The Austin Chronicle

SXSW Music Keynote 2: James Prince

By Kahron Spearman, February 9, 2016, 10:25am, Earache!

Who’s James Prince? Hero? Villain? Community pillar? Bios begin at a 5th Ward-raised car salesman turned founder and CEO of Houston’s Rap-A-Lot Records, one of the most influential labels in hip-hop. To the C.V., South by Southwest now adds keynote speaker, scheduled for conversation with label star Bun B on Thursday, March 17, at the Convention Center.

Begun as a grassroots way to keep young black men, like his younger brother, off H-Town’s rougher thoroughfares, Prince grew the label into an empire. Initially making waves with flagship act Geto Boys, featuring Scarface and Bushwick Bill, Rap-A-Lot went on to house needle-moving acts such as Devin the Dude, Z-Ro, Chicago’s Do or Die, Trae, and the late, great Pimp C. The latter’s partner in Lone Star hip-hop legends UGK, the locally beloved Bun B still reps the label.

Together, the pair constitute the second SXSW Music Conference keynote announcement after David Bowie producer Tony Visconti, speaking the day before.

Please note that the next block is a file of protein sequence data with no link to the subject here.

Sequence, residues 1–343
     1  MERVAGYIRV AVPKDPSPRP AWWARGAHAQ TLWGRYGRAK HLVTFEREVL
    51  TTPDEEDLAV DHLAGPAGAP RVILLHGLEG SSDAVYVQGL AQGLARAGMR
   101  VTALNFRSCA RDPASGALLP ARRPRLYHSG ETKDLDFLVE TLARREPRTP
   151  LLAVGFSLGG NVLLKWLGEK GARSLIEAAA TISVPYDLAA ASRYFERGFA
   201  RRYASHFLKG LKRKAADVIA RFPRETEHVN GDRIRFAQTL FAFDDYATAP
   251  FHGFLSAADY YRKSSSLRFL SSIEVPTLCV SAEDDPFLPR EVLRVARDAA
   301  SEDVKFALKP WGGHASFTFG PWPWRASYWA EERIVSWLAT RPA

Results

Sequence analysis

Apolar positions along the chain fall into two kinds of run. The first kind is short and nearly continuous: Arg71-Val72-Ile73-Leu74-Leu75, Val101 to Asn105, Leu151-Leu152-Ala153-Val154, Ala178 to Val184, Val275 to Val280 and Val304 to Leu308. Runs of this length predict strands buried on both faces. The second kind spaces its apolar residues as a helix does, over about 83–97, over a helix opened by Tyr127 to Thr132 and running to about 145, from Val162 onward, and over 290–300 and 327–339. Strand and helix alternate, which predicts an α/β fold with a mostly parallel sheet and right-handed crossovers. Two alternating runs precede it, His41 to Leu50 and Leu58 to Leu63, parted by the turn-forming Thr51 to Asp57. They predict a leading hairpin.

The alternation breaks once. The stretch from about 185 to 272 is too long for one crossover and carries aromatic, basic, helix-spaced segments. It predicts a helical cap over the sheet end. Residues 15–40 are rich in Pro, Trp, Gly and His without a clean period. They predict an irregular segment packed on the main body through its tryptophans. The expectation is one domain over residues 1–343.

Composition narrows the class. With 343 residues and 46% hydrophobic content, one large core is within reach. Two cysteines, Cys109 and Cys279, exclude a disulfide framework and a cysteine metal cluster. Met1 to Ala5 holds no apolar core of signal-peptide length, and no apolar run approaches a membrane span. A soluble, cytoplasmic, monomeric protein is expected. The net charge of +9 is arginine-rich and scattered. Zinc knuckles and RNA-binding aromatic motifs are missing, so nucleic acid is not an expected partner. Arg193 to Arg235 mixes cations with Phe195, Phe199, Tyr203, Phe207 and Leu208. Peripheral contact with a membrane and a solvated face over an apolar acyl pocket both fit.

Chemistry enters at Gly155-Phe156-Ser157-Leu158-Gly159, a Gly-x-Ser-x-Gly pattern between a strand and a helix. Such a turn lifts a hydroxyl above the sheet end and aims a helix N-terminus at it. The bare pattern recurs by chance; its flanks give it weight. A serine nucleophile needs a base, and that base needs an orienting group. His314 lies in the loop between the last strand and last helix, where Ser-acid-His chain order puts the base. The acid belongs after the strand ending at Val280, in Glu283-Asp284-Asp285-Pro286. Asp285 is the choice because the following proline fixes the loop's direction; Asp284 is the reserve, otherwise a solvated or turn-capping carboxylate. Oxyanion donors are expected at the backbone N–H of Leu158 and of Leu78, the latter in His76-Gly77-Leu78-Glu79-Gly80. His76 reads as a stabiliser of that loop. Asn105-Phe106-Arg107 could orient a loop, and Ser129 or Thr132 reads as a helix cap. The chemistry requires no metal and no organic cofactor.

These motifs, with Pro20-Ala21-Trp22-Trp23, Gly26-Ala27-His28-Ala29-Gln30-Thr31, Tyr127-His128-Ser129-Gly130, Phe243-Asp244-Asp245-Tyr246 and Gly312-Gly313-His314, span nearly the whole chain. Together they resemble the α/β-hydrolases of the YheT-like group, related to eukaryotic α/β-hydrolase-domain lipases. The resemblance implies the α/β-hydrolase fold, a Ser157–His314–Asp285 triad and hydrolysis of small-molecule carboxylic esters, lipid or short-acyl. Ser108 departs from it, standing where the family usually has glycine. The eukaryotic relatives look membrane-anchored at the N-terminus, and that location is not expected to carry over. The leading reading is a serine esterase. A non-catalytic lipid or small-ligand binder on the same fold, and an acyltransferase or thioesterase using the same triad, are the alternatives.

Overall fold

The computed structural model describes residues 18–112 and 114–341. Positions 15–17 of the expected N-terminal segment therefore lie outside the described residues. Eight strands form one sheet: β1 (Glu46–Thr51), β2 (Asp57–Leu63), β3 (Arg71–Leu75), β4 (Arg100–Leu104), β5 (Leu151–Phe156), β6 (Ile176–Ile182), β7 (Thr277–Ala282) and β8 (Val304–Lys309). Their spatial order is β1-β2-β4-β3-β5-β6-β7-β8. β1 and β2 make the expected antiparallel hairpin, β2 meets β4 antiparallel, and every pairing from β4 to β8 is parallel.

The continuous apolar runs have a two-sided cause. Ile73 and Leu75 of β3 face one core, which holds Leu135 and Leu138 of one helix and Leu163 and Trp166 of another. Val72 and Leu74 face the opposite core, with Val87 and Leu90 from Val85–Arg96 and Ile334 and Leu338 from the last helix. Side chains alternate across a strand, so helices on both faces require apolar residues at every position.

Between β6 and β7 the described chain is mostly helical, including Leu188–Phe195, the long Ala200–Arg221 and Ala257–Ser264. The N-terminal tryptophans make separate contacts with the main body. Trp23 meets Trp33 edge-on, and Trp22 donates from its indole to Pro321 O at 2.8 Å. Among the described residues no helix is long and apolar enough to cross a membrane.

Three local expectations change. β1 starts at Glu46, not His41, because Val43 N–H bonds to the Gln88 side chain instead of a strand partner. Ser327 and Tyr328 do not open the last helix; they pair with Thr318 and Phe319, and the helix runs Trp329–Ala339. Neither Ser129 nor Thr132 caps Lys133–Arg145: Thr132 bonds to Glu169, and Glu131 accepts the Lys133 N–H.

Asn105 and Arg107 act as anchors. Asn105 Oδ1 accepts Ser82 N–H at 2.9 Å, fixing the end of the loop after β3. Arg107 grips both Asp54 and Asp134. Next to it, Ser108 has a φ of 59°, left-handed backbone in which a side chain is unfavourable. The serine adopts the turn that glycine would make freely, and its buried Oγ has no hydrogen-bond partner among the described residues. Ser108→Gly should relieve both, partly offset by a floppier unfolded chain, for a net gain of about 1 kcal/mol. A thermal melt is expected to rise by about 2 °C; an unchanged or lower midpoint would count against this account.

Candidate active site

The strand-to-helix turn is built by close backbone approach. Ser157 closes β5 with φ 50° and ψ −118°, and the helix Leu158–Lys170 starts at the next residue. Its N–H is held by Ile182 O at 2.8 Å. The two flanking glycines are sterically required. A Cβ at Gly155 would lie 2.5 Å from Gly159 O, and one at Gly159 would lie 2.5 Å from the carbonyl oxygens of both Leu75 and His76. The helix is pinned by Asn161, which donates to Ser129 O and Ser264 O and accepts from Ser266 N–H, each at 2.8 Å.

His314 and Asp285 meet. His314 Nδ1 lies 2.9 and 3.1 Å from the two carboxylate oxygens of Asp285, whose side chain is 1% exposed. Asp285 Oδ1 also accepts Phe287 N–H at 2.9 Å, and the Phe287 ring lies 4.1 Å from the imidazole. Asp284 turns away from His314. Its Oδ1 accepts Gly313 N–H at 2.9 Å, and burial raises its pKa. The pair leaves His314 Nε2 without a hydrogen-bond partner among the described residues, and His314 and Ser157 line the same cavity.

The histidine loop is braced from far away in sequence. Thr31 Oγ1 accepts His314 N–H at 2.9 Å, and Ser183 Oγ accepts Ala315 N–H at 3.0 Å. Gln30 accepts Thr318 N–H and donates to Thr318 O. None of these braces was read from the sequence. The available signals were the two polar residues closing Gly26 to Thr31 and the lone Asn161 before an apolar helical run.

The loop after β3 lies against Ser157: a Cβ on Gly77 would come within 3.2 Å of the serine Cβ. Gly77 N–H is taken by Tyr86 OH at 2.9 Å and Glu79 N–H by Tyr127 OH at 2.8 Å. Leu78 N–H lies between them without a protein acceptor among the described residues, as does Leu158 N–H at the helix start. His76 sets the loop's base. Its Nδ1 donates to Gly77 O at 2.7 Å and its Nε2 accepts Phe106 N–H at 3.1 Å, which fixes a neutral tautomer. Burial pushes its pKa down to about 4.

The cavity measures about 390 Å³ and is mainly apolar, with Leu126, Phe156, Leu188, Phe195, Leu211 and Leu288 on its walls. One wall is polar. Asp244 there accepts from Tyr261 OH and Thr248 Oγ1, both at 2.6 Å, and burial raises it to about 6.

Unofficially, Prince, 51, remains Houston’s rogue royalty, the quiet man, loathed by some and feared by many. There are well known, but mostly unconfirmed, stories of retribution and retrieval of owed dues – monetary or otherwise – like accounts of one tour-stopping muscling-over to ensure accountability of album points belonging to his entrepreneur son from Drake’s So Far Gone by Young Money/Cash Money Records. There are his dealings with the murky world of prizefighting. This is someone who managed to shut down a longstanding DEA investigation into his business ventures.

Prince (often J. Prince) is also a renowned community leader, who’s channeled considerable time and personal wealth toward uplifting underprivileged communities. The mogul engines Prince Complex for disadvantaged youth and senior citizens, and Victory Preparatory School. He recently launched an HIV/AIDS outreach and education program.

Champion of the people, or antihero? Regardless of rhetoric leanings – or personal feelings of friends or foes – the record will rightfully state that he’s a foundational hip-hop figure, who knelt before very few, if anyone at all. In this way, Prince owns himself, which is the greatest trait any man can have.

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